Midnight Fight Express is a narrative-driven Beat 'Em Up game developed by Jacob Dzwinel and published by Humble Games. Players take control of a former member of the criminal underworld known as Babyface. The individual is lured back into their previous life by a mysterious drone.
According to the entity, the city will be overrun by criminals by sunrise unless they do something about it. Refusing to let the city burn, Babyface and the drone set out to right the wrongs and end the crime spree.
Midnight Fight Express: The Babyface killer gives no quarters
Fighting games have never been my strong suit. Sure, beating up opponents feels rewarding, but eventually, things get boring. However, when it came to Midnight Fight Express, it had me glued to my chair for long sessions.
Set in a city on the brink of a criminal takeover, Babyface and his drone companions must fight to save their beloved city. However, as fate would have it, the plot thickens like curdled blood, and some startling revelations are made.
But before going into further detail, the blood and literal guts of the game have to be acknowledged, which is brutal combat. Fighting is nothing to kid about for a game that looks childish in nature. It can best be described as a blood-covered symphony of death.
Slide, Heavy Roll Uppercut, and Crotch Stun for maximum effect
Babyface starts as most crime-fighting protagonists would, armed with mere fists and limited skill-set. But by mid-game arrival, he's moving flawlessly across the room to engage opponents. With fighting abilities that would rival most sifus, he's a force to be reckoned with.
The skill tree is easy to navigate and provides various combat options for every occasion. From humble counter-attacks leading to ground executions to using the environment to eliminate an opponent - the possibilities are endless.
The best part about these skills is that they can be practiced on dummies before moving on to the next mission. Players will never have to guess the prerequisites to initiate a specific combat move. Although there are about 30 hand-to-hand combat skills to master, they all seamlessly work in unison during a fight.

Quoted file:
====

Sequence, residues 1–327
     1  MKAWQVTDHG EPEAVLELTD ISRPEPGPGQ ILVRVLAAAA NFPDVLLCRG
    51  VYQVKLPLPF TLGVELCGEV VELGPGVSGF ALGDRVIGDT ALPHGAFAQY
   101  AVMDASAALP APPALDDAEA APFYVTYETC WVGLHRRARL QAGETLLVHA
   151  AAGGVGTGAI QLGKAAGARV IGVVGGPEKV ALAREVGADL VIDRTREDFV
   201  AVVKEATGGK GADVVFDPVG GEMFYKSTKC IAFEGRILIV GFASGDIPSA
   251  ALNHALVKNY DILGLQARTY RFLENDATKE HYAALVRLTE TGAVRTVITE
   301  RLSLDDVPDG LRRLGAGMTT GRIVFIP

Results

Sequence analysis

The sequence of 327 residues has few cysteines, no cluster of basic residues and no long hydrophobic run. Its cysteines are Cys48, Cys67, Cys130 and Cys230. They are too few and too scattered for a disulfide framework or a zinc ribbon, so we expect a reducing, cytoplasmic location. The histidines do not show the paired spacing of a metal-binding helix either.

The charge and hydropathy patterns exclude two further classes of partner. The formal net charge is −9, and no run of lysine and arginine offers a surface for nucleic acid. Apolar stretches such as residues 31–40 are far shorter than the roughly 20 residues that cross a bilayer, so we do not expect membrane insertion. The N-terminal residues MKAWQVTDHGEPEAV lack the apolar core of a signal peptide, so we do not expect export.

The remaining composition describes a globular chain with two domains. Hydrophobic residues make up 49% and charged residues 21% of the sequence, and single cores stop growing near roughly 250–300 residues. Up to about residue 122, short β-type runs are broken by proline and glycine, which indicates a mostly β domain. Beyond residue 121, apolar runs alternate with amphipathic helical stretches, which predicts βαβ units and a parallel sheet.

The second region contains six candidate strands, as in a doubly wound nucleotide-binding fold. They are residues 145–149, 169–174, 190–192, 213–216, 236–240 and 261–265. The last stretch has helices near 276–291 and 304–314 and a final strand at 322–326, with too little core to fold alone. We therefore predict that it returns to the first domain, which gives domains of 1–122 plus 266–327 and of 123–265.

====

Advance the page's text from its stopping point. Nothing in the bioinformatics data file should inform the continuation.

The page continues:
When in doubt, throw a knife at an enemy's face
Players can also pick up and use weapons during combat to add some icing to the blood-smeared cake. These include knives, fish, sledgehammers, 9mm pistols, and even pillows. The carnage inflicted using them will make Dexter Morgan proud of the blood splatter patterns.
As players progress through the story, they'll also unlock their personal Secondary Weapon. It features several unique bullet types and can be used to thin the mobs in certain situations. Another helpful utility item is the Rope. Although this one unlocks towards the end-game, it's extremely versatile.
Using all these weapons and skills, players can pull off some entertaining combinations to make their enemy's heads pop. While this might seem overkill, certain enemies will require more than a few whacks to hit the dirt.
The only good Crazies is a dead one
While early-game Bozos are barely a challenge, tougher enemy types like Ratboys and Heavy Bois will give players a run for their Gold Teeth. Knowing when to roll like crazy and counter-attack will make all the difference.
Interestingly enough, the game hosts 69 types of enemies. This includes mobs and bosses. Even though many of the enemy types are reskins, they feel fresh in every mission due to complementing factors. Thanks to how often new variations appear, there's never a dull moment.
Every boss fight and mini-boss fight felt unique as well. One, in particular, The Rat King, was one of the toughest to beat during the early game. Given how limited the space was for combat, the timing was key - something I learned after dying a couple of times - 139, to be exact.
Location, location, and location
One of the things I love the most about Midnight Fight Express is the scenic and sometimes less than scenic locations. Given the number of variations in enemy types, it was only befitting to have individual locations to suit them all.
This ranged from dusty train stations to larger-than-life pubs. Some more unorthodox places included a graveyard and sewer, and how could I forget about an oil rig? Each felt distinct and brought its elements, such as weapon types and storyline advancements.
All in all, throughout the 40 in-game missions, I never felt any level being repetitive. Each location felt new and enjoyable. Some of them had special mechanics as well. I had to dodge incoming trains on one level, while another made me roll about like a Dark Souls character to avoid being squashed by a cargo container.